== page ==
Thursday, August 20, 2009

Assignments aren't the only way to transfer ownership of patents -- operation of law also works

The owner of U.S. Patent Nos. 6,141,653; 6,336,105; 6,338,050; 7,162,458; and 7,149,724 granted a security interest in the patents to Silicon Valley Bank and to Cross Atlantic Capital Partners. Silicon Valley Bank assigned its interest to Cross Atlantic. Once the owner defaulted on its loan obligation, Cross Atlantic foreclosed and auctioned the patents off. Cross Atlantic -- the only bidder at the auction -- bought the rights, and then assigned them to Sky Technologies.

Sky then sued SAP for patent infringement. SAP challenged whether Sky had standing to sue, since there was no written assignment document assigning the rights from the owner to Cross Atlantic (and thus the chain of title was "broken"). The trial court found that the foreclosure transferred the rights to Cross Atlantic by operation of law, and thus denied SAP's motion to dismiss. SAP asked for an interlocutory appeal, which the trial court allowed.

35 U.S.C. § 261 provides, in part:
Applications for patent, patents, or any interest therein, shall be assignable in law by an instrument in writing.
The Federal Circuit explained the law:
In order to seek damages for infringement of a patent, a party must have standing at the inception of the lawsuit. Arachnid, Inc. v. Merit Indus., Inc., 939 F.2d 1574, 1579 (Fed. Cir. 1991). A party that has been granted all substantial rights under the patent, “regardless of how the parties characterize the transaction that conveyed those rights,” is considered to have legal title, and therefore standing. Speedplay, Inc. v. Bebop, Inc., 211 F.3d 1245, 1249–50 (Fed. Cir. 2000). Thus, it is the “substance of what was granted” that determines the rights in the patent, not the form. Id. at 1250; Vaupel Textilmaschinen KG v. Meccanica Europa Italia S.P.A., 944 F.2d 870, 873–76 (Fed. Cir. 1991). ...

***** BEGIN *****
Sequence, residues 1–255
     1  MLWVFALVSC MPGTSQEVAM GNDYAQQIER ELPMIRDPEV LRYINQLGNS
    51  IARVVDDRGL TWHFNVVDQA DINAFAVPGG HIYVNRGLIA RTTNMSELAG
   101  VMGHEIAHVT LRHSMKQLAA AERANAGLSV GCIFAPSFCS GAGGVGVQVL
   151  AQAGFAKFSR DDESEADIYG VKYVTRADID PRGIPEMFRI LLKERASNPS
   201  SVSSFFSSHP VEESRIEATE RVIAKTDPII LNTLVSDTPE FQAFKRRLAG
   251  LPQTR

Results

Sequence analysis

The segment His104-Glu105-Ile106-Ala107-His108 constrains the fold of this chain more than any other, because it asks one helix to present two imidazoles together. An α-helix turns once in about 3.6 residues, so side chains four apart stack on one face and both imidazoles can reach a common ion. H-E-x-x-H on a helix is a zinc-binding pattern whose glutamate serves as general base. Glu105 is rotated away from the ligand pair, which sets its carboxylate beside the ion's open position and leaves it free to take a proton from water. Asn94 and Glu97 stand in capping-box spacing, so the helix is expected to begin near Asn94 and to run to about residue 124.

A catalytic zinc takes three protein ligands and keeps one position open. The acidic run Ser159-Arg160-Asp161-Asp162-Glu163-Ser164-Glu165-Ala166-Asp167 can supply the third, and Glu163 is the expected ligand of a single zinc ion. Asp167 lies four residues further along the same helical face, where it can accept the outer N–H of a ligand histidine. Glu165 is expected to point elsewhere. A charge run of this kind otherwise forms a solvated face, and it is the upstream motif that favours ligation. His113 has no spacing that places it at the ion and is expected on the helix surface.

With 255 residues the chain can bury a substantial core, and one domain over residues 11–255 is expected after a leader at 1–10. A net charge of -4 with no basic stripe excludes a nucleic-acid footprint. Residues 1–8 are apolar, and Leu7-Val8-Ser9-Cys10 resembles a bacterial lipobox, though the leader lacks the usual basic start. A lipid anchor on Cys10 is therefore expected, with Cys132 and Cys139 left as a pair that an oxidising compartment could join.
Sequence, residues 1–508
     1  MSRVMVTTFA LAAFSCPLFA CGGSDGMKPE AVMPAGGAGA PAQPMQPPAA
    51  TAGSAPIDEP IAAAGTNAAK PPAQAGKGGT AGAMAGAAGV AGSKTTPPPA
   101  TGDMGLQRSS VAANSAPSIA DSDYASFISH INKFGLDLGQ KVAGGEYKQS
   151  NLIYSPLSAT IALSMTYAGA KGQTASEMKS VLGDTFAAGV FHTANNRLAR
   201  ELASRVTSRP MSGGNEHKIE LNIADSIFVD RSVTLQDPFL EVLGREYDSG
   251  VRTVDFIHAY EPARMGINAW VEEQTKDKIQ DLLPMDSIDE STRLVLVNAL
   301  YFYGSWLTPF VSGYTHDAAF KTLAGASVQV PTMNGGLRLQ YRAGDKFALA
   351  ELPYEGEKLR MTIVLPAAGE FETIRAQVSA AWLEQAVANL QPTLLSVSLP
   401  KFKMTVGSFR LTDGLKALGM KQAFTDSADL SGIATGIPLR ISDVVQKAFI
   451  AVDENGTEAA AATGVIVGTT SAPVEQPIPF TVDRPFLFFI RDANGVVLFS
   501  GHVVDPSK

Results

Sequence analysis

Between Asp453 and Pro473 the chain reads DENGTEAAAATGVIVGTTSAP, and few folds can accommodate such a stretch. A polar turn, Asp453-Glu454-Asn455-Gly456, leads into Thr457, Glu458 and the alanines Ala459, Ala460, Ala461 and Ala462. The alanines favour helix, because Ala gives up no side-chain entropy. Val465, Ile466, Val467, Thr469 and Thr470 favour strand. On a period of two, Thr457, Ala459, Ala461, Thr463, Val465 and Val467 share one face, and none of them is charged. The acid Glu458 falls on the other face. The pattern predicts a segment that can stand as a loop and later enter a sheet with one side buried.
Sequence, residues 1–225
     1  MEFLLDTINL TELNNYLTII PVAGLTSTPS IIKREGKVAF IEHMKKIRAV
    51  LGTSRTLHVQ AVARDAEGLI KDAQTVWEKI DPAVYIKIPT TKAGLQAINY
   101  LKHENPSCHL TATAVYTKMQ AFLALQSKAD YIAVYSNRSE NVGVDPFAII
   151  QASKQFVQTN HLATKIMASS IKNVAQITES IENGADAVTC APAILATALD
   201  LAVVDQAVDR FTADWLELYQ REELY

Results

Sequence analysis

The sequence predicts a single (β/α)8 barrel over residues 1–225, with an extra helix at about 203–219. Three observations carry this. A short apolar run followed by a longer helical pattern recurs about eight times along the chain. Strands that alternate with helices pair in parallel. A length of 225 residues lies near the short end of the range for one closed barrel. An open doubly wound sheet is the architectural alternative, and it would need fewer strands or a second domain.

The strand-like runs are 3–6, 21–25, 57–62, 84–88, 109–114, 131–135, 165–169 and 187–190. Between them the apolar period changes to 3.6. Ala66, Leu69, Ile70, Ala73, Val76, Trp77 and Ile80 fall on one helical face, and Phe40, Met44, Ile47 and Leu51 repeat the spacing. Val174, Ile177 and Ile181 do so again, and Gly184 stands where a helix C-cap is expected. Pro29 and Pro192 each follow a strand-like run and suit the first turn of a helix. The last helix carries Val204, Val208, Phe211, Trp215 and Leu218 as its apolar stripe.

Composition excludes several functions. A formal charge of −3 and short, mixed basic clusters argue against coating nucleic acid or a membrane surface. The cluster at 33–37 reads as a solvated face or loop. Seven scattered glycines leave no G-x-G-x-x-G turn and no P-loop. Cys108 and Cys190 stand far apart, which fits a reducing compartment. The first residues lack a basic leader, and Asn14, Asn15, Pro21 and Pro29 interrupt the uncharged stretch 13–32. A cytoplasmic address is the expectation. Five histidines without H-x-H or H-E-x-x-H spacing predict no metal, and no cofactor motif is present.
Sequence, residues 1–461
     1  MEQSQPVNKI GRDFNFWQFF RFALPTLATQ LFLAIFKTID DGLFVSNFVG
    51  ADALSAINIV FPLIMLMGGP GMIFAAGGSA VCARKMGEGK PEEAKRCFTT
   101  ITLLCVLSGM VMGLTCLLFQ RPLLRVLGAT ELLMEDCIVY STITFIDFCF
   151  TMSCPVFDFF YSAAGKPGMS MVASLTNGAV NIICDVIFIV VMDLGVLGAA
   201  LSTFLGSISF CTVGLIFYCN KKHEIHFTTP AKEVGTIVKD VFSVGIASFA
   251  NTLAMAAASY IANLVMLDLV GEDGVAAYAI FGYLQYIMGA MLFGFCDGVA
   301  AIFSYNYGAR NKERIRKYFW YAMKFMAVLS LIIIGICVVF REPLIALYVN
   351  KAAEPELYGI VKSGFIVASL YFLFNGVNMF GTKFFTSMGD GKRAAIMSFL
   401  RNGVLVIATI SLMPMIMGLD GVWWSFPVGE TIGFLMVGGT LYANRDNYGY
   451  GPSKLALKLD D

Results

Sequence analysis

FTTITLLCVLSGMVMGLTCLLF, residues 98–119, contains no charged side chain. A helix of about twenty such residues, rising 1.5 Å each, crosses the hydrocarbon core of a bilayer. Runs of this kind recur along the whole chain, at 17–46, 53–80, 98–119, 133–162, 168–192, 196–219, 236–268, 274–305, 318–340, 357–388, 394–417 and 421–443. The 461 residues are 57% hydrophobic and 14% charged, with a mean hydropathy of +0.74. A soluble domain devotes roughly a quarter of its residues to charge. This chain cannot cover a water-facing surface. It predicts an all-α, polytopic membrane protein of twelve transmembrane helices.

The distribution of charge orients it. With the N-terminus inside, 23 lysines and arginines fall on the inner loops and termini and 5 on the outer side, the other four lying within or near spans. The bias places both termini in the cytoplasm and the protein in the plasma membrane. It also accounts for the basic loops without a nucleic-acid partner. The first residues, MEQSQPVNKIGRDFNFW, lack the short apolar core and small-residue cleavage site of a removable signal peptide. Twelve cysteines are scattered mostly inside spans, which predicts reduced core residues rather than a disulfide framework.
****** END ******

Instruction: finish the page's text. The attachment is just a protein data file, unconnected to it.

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We have previously held that patent ownership is determined by state, not federal law. Akazawa [v. Link New Technology International, Inc., 520 F.3d 1354, 1357 (Fed. Cir. 2008)] (citing Jim Arnold Corp. v. Hydrotech Sys., Inc., 109 F.3d 1567, 1572 (Fed. Cir. 1997) (“[T]he question of who owns the patent rights and on what terms typically is a question exclusively for state courts.”)). ...
* * *
Even though a transfer of patent ownership, if through an assignment, must be in writing, this court has held, “[T]here is nothing that limits assignment as the only means for transferring patent ownership. . . . [O]wnership of a patent may be changed by operation of law.” Akazawa, 520 F.3d at 1356.
Finally, the Court held:
We find that Akazawa controls in the instant case, and that the district court’s reliance on its reasoning was appropriate because transfer of patent ownership by operation of law is permissible without a writing.
Decision affirmed.

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